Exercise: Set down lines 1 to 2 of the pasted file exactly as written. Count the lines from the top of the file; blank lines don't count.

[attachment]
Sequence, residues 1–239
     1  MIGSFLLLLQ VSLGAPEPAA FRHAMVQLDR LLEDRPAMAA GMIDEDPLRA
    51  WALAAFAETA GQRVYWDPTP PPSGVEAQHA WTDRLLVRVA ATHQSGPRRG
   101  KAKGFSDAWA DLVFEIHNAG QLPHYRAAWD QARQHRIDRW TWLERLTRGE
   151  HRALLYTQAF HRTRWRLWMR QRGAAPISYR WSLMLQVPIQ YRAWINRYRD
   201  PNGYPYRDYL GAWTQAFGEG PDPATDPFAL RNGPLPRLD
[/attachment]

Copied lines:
Sequence, residues 1–239
     1  MIGSFLLLLQ VSLGAPEPAA FRHAMVQLDR LLEDRPAMAA GMIDEDPLRA